• How To Apply Perfect Fifth Intervals In The Formation Of Scale Degree Chords

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    You arrived at this page because you’re interested in learning the formation of scale degree chords.

    In this lesson, we’ll be forming seventh chords:

    Major seventh chords

    Minor seventh chords

    …using perfect fifth intervals on both hands.

    But before we do so, let’s quickly refresh our minds on perfect fifth intervals.

    “What Are Perfect Fifth Intervals?”

    According to Jermaine Griggs, an interval is a product of the relationship between two notes and the distance between them.

    For example, the relationship between C and A (on the piano):

    …and the distance between the notes (C and A) is considered to be an interval.

    In this segment, we’re focusing on perfect fifth intervals.

    A Short Note On Perfect Fifth Intervals

    A perfect fifth interval is a product of the relationship between the first and fifth tones of the scale. For example, in the key of A major:

    The interval between the first and fifth tones (which are A and E):

    …is a perfect fifth interval.

    The term perfect fifth can be broken down into two words:

    Perfect. A term used to describe intervals that don’t change when inverted.

    Fifth. A term used to describe the number of letter names or notes the interval encompasses.

    An Outline Of All Perfect Fifth Intervals On The Keyboard

    The perfect fifth interval can be formed on any of the 12 notes on the piano. Consequently, there are 12 perfect fifth intervals.

    “Check Them Out…”

    C perfect fifth:

    Db perfect fifth:

    D perfect fifth:

    Eb perfect fifth:

    E perfect fifth:

    F perfect fifth:

    Gb perfect fifth:

    G perfect fifth:

    Ab perfect fifth:

    A perfect fifth:

    Bb perfect fifth:

    B perfect fifth:

    A Short Note On Scale Degree Chords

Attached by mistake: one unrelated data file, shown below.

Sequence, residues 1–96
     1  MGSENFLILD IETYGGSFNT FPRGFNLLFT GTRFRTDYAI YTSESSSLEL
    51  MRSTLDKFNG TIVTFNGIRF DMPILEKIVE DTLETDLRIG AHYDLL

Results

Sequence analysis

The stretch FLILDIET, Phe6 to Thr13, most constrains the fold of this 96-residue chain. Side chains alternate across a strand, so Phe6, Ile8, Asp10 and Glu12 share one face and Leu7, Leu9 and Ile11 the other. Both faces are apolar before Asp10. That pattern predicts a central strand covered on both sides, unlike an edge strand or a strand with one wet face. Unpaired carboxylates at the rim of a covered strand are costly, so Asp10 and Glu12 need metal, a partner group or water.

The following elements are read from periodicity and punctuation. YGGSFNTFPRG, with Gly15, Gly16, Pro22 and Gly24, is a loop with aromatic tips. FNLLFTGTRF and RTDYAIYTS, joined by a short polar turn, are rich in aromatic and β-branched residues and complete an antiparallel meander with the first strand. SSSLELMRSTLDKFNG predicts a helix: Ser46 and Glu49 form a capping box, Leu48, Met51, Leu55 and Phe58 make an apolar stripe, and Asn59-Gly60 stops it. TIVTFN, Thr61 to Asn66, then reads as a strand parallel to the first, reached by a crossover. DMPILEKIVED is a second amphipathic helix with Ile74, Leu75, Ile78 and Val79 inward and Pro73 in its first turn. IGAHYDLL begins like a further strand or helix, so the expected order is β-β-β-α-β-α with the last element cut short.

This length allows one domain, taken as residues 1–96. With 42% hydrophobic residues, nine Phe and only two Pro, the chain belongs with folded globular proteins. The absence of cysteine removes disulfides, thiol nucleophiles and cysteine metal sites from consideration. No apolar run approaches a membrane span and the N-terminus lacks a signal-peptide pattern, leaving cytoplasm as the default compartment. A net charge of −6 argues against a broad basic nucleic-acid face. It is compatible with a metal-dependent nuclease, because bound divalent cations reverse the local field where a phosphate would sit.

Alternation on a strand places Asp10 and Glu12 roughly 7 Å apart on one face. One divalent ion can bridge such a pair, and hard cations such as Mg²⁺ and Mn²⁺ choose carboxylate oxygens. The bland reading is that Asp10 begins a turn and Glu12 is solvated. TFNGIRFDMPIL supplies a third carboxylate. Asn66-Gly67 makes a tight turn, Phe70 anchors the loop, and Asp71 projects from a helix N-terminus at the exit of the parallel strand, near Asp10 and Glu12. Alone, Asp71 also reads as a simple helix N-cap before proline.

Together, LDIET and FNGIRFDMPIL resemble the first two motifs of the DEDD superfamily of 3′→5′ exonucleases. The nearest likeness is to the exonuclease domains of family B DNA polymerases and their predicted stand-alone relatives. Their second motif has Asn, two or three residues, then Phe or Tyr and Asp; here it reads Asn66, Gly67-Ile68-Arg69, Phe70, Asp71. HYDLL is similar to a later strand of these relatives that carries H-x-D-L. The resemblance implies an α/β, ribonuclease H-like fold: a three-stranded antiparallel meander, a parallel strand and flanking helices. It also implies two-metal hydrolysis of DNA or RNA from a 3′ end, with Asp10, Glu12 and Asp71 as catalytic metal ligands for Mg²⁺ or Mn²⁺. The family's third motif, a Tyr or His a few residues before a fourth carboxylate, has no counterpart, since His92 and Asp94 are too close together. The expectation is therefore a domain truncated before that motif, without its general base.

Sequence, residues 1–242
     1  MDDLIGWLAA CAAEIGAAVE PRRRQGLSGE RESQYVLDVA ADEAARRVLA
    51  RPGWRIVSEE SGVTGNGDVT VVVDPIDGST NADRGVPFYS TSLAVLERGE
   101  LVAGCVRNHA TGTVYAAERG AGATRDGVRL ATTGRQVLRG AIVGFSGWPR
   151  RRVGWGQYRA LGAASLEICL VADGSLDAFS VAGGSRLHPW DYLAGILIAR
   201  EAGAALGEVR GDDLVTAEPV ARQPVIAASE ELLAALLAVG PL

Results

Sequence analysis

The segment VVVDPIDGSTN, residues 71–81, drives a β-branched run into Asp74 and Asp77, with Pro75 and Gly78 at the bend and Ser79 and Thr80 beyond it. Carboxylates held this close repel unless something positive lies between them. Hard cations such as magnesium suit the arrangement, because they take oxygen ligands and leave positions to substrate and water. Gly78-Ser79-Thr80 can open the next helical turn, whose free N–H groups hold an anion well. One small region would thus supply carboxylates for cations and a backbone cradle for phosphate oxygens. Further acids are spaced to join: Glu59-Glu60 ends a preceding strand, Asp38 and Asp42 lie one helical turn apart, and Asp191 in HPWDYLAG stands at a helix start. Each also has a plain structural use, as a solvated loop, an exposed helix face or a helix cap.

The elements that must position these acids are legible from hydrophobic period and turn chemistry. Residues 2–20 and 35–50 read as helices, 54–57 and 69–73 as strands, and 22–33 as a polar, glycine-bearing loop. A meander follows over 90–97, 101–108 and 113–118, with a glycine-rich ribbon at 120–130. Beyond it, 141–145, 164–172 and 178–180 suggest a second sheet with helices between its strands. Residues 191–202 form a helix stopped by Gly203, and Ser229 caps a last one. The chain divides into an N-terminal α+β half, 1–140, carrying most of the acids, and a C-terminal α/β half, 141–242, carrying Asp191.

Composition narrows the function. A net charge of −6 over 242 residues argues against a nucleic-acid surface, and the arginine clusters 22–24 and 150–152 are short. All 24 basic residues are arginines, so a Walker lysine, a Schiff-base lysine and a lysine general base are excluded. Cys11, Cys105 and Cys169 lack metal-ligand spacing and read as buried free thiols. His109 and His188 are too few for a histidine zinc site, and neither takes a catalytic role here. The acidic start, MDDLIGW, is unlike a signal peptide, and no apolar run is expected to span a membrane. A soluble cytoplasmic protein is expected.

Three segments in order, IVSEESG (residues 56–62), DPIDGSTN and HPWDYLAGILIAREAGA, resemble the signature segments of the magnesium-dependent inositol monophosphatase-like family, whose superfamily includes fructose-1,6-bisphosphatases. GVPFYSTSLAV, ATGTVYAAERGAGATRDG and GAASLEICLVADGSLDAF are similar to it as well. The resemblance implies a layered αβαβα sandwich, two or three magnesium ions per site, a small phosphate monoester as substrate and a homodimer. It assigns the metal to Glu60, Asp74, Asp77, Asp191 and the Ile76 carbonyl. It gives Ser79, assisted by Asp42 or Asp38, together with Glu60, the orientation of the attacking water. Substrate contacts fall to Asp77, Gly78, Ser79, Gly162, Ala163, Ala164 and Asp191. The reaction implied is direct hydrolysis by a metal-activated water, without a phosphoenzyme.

There are eight tones in every major or minor key.

    These scale tones are also known as scale degrees. In the key of C major:

    C is the first scale degree

    D is the second scale degree

    E is the third scale degree

    F is the fourth scale degree

    G is the fifth scale degree

    A is the sixth scale degree

    B is the seventh scale degree

    C is the eighth scale degree

    Chords can be formed on each of these scale degrees and these chords are generally referred to as scale degree chords.

    The chords of the first, second, and third scale degrees are chord 1, chord 2, and chord 3 respectively.

    In the key of C major:

    …the chord of the first tone (which is C):

    …is the C major triad:

    …while the chord of the second tone (which is D):

    …is the D minor triad:

    How To Apply Perfect Fifth Intervals In The Formation Of Scale Degree Chords

    Perfect fifth intervals can be applied in the formation of scale degree chords and we’ll be covering how this done in this segment.

    “Give Me Your Undivided Attention…”

    The seventh chord of the first degree in the key of C major:

    …is the C major seventh chord:

    …and can be formed using the following perfect fifth intervals:

    C perfect fifth:

    E perfect fifth:

    When the E perfect fifth interval:

    …is played on the right hand over C perfect fifth interval:

    …on the left hand, this produces the C major seventh chord:

    In the same vein, other scale degree chords can be formed. For example, the seventh chord of the second degree in the key of C major is the D minor seventh chord:

    The D minor seventh chord can be formed using the following perfect fifth intervals:

    D perfect fifth:

    F perfect fifth:

    When the F perfect fifth interval:

    …is played on the right hand over D perfect fifth interval:

    …on the left hand, this produces the D minor seventh chord:

    “Here Are Formulas That Would Help You Form Any Scale Degree Chord Using Perfect Fifth Intervals…”

    1 + 3 = Chord 1

    2 + 4 = Chord 2

    3 + 5 = Chord 3

    4 + 6 = Chord 4

    6 + 1 = Chord 6

    Let’s put the formulars to work.

    6 + 1 = Chord 6

    Perfect fifth interval of the first tone:

    …played over the perfect fifth interval of the sixth tone:

    …produces chord 6 (the A minor seventh chord):

    Final Words

    Check out these scale degree chords in the key of C major:

    Chord 1:

    Chord 2:

    Chord 3:

    Chord 4:

    Chord 6

    See you in the next lesson!

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    Hello, I'm Chuku Onyemachi (aka - "Dr. Pokey") - a musicologist, pianist, author, clinician and Nigerian. Inspired by my role model Jermaine Griggs, I started teaching musicians in my neighborhood in April 2005. Today, I'm privileged to work as a music consultant and content creator with HearandPlay Music Group sharing my wealth of knowledge with thousands of musicians across the world.

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    { 1 comment… read it below or add one }

    1 mistellah

    Hi guys! I would like to say keep up with good work for it shall follow ya’ll like ya shadows, blessed. Have a good evening.

    Reply

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